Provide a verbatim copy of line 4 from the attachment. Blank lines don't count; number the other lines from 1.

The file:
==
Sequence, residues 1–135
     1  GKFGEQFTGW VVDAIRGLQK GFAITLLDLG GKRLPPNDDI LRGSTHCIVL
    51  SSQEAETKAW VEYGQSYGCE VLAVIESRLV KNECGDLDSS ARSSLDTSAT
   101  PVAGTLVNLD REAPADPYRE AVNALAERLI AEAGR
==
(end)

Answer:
   101  PVAGTLVNLD REAPADPYRE AVNALAERLI AEAGR